Victoria girl wins pitch, hit run competition
June 8, 2012 at 1:08 a.m.
They say it takes a village to raise a child. In this case, it was a community that raised a softball player.
The girl in question is 11-year Bianca Balderaz, a Victoria resident who won a Pitch, Hit & Run competition over the weekend at Minute Maid Park.
To even qualify for the June 3 competition she had to win a similar competition in Victoria and Missouri City. Though she beat twin sister Andrea in the local competition, Bianca said having her family with her inspired her.
"Sometimes, it's a challenge, but it's fun. It sort of felt good and then I felt bad for her," Bianca said about beating her sister during the Victoria leg. "It was good because she got to go with me."
The top local qualifier advanced to one of eight sectional competitions. The three best sectional scores - which included participants from Mississippi, Louisiana and parts of Texas - took a the field shared by Jose Altuve, Wandy Rodriguez and the rest of the Astros.
"It was fun because my sisters were surprised," Bianca said. "My dad, when it was done, he went on the field and started dancing. My sister, she put some dirt in her pocket."
Off the tee, the first baseman slugged a softball to the fringe of the grass beyond second base. During the 160-foot running competition around third base her dad, Jimmy, said Bianca ran faster than he can ever recall.
"We were totally in shock," Jimmy Balderaz said of his second daughter's win. "The other little girl (from Mississippi) had a pitch on her. We thought 'Man, Bianca is going to have to make it up.' When she hit the ball it went toward the shortstop and it wasn't a good hit. .The third one, that sucker went off when she hit it. It landed in the grass."
The family even stuck around after the 7:45 a.m. competition to watch the fifth-place Astros beat division-leading Cincinnati 5-3. It was the first time in nearly a decade Bianca and her family watched a game.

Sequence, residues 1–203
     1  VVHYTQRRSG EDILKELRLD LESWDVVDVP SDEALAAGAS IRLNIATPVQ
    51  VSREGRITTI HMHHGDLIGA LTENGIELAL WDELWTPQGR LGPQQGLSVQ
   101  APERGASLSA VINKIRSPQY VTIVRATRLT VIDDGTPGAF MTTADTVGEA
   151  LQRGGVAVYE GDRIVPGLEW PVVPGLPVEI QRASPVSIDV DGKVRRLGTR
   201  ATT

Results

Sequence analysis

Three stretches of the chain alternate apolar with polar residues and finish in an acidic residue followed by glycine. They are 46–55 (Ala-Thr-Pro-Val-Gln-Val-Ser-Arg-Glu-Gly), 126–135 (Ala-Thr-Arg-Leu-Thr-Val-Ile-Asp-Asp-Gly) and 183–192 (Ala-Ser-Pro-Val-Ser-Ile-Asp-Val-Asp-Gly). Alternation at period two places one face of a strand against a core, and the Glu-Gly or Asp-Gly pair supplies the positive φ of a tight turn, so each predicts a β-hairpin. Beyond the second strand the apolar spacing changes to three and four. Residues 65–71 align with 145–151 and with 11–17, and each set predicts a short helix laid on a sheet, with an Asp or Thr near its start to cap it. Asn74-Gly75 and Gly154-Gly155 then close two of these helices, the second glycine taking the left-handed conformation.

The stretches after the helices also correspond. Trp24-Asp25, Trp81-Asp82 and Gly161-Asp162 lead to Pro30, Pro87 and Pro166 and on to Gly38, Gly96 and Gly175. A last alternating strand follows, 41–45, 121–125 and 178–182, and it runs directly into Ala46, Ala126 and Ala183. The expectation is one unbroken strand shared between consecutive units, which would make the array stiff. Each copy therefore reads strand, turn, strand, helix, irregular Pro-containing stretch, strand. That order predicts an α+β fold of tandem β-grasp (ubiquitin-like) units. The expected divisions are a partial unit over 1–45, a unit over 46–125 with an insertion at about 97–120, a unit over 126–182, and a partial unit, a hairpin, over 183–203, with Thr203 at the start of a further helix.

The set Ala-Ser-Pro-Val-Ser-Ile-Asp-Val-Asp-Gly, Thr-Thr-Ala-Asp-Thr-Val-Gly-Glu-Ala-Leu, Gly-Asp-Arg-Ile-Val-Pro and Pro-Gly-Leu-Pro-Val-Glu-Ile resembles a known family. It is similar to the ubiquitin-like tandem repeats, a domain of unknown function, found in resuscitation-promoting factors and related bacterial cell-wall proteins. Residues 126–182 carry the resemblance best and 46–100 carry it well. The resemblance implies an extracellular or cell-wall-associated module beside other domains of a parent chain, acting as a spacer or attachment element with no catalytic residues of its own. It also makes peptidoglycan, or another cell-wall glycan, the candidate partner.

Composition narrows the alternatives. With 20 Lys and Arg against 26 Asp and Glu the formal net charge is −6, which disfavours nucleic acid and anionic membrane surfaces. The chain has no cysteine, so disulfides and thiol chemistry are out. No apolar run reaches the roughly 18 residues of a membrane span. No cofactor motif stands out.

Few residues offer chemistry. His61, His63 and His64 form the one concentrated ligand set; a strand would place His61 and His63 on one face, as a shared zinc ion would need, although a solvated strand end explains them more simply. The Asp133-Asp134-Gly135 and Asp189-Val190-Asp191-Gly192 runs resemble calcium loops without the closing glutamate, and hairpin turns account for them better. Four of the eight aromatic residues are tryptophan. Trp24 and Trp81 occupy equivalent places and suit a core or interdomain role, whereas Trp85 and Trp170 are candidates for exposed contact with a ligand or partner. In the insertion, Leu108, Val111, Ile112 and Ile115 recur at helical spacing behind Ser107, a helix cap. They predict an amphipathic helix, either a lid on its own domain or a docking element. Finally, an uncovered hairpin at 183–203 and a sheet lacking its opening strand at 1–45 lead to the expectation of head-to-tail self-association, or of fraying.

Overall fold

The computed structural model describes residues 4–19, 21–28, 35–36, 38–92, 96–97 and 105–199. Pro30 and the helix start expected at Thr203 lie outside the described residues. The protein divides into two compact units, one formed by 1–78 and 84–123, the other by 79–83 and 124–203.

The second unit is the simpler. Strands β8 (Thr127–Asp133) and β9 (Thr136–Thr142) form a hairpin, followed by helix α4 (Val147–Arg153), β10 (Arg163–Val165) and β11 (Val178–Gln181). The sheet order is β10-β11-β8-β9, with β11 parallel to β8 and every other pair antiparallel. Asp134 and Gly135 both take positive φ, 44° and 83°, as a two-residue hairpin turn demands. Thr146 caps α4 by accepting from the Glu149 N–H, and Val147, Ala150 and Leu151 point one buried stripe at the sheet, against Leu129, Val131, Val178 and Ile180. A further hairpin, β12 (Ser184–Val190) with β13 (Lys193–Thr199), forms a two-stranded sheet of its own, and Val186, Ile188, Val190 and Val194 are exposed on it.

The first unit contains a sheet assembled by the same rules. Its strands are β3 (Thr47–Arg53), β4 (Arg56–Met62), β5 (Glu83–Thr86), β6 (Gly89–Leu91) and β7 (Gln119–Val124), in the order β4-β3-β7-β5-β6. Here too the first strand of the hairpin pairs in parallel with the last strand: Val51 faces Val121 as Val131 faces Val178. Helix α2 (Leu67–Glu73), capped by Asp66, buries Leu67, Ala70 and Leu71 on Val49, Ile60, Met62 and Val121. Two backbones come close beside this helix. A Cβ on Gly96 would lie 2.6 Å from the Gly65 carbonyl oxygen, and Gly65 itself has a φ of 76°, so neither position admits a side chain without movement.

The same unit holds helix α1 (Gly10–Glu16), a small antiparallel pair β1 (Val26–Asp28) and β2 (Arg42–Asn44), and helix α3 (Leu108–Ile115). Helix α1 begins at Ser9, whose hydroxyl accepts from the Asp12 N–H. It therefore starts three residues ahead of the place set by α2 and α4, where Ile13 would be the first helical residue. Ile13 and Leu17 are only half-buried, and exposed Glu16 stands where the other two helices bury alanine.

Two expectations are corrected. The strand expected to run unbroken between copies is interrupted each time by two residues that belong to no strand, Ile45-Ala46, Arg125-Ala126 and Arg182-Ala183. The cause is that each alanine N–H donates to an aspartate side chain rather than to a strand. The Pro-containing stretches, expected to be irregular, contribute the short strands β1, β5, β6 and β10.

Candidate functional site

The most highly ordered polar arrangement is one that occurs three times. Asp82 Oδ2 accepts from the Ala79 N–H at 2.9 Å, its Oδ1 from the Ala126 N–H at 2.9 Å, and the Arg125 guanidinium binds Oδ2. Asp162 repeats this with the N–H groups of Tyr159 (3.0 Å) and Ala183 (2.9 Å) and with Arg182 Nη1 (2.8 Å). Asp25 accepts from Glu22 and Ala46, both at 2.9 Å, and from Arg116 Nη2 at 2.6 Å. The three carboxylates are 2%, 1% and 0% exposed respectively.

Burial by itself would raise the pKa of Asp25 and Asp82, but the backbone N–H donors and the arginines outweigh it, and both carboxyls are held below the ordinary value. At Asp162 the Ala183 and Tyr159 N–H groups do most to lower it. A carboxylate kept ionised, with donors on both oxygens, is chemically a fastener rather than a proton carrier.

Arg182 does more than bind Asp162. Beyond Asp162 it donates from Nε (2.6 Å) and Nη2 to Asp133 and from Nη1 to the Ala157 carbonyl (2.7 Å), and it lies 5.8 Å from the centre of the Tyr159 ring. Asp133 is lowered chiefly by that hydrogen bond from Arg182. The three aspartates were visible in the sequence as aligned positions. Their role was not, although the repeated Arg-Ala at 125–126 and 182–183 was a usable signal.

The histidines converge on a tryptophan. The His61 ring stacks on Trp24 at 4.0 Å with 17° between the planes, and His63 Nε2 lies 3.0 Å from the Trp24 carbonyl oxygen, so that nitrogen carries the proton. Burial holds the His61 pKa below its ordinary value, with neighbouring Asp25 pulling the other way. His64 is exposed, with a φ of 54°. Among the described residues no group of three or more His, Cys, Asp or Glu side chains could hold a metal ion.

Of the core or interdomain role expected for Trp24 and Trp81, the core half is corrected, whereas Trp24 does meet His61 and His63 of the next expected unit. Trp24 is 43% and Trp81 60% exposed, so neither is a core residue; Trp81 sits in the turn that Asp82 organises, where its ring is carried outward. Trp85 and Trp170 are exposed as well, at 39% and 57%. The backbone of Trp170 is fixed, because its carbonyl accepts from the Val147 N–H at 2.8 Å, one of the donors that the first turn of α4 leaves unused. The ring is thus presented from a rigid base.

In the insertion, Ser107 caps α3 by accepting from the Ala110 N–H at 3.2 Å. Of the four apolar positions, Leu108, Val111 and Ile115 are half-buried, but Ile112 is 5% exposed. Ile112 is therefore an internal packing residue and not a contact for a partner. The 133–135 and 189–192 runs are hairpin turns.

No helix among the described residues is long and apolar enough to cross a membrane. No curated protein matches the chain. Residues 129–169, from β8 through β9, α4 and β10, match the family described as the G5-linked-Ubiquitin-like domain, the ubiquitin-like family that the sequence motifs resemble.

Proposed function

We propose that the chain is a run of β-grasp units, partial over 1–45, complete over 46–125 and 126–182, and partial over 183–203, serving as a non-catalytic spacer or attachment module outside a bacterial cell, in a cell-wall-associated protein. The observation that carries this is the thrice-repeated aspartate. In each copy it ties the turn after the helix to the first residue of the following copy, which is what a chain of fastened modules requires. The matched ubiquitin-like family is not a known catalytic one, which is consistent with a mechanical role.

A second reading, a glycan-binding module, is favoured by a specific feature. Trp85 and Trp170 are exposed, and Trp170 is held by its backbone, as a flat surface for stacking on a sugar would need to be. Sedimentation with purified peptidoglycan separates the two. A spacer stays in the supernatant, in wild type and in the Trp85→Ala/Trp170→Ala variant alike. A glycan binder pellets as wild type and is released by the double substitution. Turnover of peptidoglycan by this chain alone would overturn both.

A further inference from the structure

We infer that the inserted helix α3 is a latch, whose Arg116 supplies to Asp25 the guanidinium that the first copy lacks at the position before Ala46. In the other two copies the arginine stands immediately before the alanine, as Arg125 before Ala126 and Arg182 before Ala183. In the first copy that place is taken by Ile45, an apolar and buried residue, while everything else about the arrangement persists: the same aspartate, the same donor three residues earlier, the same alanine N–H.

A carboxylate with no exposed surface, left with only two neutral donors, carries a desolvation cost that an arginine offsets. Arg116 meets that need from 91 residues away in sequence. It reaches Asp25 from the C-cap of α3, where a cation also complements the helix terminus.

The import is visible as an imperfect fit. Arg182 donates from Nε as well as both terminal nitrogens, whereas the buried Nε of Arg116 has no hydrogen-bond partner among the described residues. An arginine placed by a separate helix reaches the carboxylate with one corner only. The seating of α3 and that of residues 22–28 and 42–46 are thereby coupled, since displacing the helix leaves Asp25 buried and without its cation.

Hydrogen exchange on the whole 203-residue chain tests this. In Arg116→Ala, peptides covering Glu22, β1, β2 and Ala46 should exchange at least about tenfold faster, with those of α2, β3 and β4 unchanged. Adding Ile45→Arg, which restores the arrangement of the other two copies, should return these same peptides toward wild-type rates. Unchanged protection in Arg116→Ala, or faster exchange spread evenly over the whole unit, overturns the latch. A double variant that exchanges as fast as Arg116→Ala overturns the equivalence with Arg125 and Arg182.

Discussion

Having four daughters - two sets of fraternal twins - within 22 months has a way of adjusting priorities. Balderaz and wife Michelle said they have navigated parenting with a large support system.
Jimmy's employer even sponsored his daughter's softball team, the Rays, and allowed him to take the time to coach the team, who finished in a three-way tie for first.
Whether its grandparents Lucy Balderaz and Cruz and Bertie Ortiz watching the girls on occasion, or getting instruction from colleagues Greg Halderman and Tim Smith about the finer points of softball, Jimmy said the support made Bianca's victory possible.
The family even stayed with a Houston-based cousin last weekend so they didn't have to wake up before 5 a.m. for Bianca to compete. The patriarch found it yet another blessing in a series of them.
Jimmy said his family is a pious one that tries to allow God to order their steps, which makes Bianca's entrance into the competition all the less coincidental.
Jimmy wanted his four daughters, Bianca, Andrea, Josie and Sarah to play on the same softball team this spring. The only way to ensure that could happen would be to coach them himself. It was at the initial coaches meeting that he was told of the local Pitch, Hit & Run competition at the end of April.
Had Balderaz not coached, and been told of the event, Bianca and her sister's likely wouldn't have participated.
"The little ones (Sara and Josie) have never went to a game before, so they had a blast," Jimmy said. "It was special because their sister won."
Bianca will find out at the end of the month whether she is one of the top three finishers nationally. If so, she would get an all-expense trip to the All-Star Game in Kansas City.
"It would be awesome," Bianca said of the possibility. "Then my family would get to go and we would have a blast."
In the interim Bianca will continue to hit a couple of her own.